At certain periods in the history of the world a society has become conscious of its personalities: it would perhaps be truer to say that it has established social and economic conditions which permit the free development of the personality. The great age of Greek civilization is the age of the great personalities of Greek poetry, Greek art and Greek oratory: and in spite of the institution of slavery, it can be described, relatively to the ages which preceded it, as an age of political liberation. But nearer our time we have the so-called Renaissance, inspired by this earlier Hellenic civilization, and even more conscious of the value of free individual development. The European Renaissance is an age of political confusion; but in spite of tyrannies and oppression, there is no doubt that compared with the previous period, it also was an age of liberation. The individual once more comes into his own, and the arts are cultivated and appreciated as never before. But still more significantly, there arises a consciousness of the very fact that the value of a civilization is dependent on the freedom and variety of the individuals composing it. For the first time the personality is deliberately cultivated as such; and from that time until to-day it has not been possible to separate the achievements of a civilization from the achievements of the individuals composing it. Even in the sciences we now tend to think of the growth of knowledge in particular and personal terms of physics, for example, as a line of individuals stretching between Galileo and Einstein.
I have not the slightest doubt that this form of individuation represents a higher stage in the evolution of mankind. It may be that we are only at the beginning of such a phase — a few centuries are a short time in the history of a biological process. Creeds and castes, and all forms of intellectual and emotional grouping, belong to the past. The future unit is the individual, a world in himself, self-contained and self-creative, freely giving and freely receiving, but essentially a free spirit.
It was Nietzsche who first made us conscious of the significance of the individual as a term in the evolutionary process — in that part of the evolutionary process which has still to take place. Nevertheless, there exists in Nietzsche’s writings a confusion which must be avoided. That it can be avoided is due mainly to scientific discoveries made since Nietzsche’s day, so Nietzsche must to some extent be excused. I refer to the discoveries of psycho-analysis. Freud has shown one thing very clearly: that we only forget our infancy by burying it in the unconscious; and that the problems of this difficult period find their solution under a disguised form in adult life. I do not wish to import the technical language of psycho-analysis into this discussion, but it has been shown that the irrational devotion which a group will show to its leader is simply a transference of an emotional relationship which has been dissolved or repressed within the family circle. When we describe a king as “the Father of his People,” the metaphor is an exact description of an unconscious symbolism. Moreover, we transfer to this figure — head all sorts of imaginary virtues which we ourselves would like to possess — it is the reverse process of the scapegoat, who is the recipient of our secret guilt.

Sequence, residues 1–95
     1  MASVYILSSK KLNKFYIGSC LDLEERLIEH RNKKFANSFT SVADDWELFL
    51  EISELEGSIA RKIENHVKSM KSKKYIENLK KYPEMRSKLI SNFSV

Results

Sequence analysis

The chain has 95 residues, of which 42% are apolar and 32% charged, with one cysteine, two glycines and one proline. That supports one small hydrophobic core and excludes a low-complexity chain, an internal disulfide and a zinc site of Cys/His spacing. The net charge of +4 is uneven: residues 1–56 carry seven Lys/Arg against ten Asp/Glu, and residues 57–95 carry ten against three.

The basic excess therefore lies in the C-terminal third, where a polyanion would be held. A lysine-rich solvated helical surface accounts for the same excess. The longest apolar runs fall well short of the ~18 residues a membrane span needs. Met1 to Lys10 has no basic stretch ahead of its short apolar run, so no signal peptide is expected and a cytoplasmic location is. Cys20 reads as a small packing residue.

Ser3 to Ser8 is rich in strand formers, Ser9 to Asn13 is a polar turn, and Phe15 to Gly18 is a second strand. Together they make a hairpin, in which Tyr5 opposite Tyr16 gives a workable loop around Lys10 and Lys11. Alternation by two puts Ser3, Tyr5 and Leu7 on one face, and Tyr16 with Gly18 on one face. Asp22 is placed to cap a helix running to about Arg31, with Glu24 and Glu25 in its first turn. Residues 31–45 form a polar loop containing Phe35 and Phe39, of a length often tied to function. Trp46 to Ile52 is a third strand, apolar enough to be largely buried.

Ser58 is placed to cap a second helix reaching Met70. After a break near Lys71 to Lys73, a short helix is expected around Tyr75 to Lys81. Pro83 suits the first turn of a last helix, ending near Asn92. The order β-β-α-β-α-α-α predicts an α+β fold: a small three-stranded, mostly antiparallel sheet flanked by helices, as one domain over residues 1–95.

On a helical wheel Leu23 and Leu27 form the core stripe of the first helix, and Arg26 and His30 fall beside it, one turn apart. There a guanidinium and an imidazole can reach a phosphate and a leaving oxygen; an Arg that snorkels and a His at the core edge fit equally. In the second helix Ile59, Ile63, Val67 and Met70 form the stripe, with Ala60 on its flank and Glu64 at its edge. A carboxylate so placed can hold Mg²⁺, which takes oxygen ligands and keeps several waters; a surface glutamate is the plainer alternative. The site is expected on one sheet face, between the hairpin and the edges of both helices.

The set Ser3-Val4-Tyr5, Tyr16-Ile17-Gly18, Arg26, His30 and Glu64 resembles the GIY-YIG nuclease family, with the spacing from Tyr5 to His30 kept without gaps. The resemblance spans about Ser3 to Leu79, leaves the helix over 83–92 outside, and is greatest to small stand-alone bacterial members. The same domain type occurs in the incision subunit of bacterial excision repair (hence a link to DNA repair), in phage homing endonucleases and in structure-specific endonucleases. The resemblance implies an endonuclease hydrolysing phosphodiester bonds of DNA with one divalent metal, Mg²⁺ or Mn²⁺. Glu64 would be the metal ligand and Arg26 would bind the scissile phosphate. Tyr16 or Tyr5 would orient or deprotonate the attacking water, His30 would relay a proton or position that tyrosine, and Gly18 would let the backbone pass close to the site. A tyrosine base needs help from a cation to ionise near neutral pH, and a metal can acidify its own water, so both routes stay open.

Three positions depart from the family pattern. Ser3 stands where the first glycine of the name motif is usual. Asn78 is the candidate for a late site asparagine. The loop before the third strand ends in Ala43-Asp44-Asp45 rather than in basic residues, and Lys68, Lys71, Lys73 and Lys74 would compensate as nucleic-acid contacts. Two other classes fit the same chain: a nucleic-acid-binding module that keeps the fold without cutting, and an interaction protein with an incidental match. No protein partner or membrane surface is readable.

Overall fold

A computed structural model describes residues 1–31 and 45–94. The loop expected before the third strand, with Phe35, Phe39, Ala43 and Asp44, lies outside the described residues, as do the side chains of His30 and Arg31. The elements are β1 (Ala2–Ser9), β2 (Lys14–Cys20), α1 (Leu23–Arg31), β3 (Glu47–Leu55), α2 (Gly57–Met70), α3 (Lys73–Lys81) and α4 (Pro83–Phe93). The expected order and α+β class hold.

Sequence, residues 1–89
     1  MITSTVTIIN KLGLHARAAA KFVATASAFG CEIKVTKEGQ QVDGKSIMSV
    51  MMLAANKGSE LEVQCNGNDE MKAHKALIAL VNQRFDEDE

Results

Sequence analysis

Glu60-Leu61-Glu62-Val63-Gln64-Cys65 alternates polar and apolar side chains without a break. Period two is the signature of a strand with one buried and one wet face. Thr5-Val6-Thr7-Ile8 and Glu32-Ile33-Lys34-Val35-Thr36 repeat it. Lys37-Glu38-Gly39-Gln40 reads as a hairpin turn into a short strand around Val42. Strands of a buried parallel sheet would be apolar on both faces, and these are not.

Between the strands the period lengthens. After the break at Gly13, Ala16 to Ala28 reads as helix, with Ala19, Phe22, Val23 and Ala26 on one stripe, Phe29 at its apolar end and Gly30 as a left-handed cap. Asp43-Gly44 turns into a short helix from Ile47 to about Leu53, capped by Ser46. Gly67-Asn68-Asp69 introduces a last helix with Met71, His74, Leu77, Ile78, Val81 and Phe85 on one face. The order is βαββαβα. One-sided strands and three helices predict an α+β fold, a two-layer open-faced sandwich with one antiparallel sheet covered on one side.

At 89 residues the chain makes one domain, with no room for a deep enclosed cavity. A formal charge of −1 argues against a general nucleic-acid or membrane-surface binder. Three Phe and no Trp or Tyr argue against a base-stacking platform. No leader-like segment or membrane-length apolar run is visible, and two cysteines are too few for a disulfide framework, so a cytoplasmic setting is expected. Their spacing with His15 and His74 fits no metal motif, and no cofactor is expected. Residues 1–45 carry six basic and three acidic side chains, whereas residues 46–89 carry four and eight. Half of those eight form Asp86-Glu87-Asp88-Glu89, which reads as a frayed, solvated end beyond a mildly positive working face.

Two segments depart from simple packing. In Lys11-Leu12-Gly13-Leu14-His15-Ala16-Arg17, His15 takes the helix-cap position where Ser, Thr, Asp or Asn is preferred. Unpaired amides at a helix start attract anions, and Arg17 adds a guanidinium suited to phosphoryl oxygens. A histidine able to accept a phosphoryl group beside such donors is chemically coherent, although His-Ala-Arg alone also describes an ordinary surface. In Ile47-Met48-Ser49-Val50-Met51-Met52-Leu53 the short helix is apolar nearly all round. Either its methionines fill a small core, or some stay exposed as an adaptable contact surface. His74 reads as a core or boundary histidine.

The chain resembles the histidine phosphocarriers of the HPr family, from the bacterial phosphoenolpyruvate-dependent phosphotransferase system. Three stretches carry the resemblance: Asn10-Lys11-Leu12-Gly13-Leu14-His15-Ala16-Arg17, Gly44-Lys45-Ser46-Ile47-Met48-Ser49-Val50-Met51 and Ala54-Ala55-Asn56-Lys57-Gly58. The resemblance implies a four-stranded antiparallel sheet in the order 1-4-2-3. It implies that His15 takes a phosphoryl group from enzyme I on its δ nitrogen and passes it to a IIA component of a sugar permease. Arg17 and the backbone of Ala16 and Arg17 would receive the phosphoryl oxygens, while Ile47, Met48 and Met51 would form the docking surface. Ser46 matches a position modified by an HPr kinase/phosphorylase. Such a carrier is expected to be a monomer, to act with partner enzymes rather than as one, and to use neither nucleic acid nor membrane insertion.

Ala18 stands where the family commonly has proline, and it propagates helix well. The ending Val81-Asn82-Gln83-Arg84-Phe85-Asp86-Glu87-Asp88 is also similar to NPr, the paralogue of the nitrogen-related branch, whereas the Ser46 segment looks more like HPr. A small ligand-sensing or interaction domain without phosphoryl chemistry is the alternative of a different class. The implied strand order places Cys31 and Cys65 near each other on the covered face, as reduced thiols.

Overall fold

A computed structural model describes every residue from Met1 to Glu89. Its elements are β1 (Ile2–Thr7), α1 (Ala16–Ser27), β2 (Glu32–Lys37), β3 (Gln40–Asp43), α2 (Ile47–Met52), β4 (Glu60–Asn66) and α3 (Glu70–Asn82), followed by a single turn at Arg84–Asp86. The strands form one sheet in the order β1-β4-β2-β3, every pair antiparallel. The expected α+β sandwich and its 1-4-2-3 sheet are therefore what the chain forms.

Nietzsche, like the admirers of our contemporary dictators, did not sufficiently realize this distinction, and he is apt to praise as a superman a figure who is merely inflated with the unconscious desires of the group. The true superman is the man who holds himself aloof from the group — a fact which Nietzsche acknowledged on other occasions. When an individual has become conscious, not merely of his “Eigentum,” of his own closed circuit of desires and potentialities (at which stage he is an egoist), but also of the laws which govern his reactions to the group of which lie is a member, then he is on the way to become that new type of human being which Nietzsche called the Superman.
The individual and the group — this is the relationship out of which spring all the complexities of our existence and the need for unravelling and simplifying them. Conscience itself is born of this relationship, and all those instincts of mutuality and sympathy which become codified in morals. Morality, as has often been pointed out, is antecedent to religion — it even exists in a rudimentary form among animals. Religion and politics follow, as attempts to define the instinctive conduct natural to the group, and finally you get the historical process only too well known to us, in which the institutions of religion and politics are captured by an individual or a class and turned against the group which they were designed to benefit. Man finds his instincts, already deformed by being defined, now altogether inhibited. The organic life of the group, a self-regulative life like the life of all organic entities, is stretched on the rigid frame of a code. It ceases to be life in any real sense, and only functions as convention, conformity and discipline.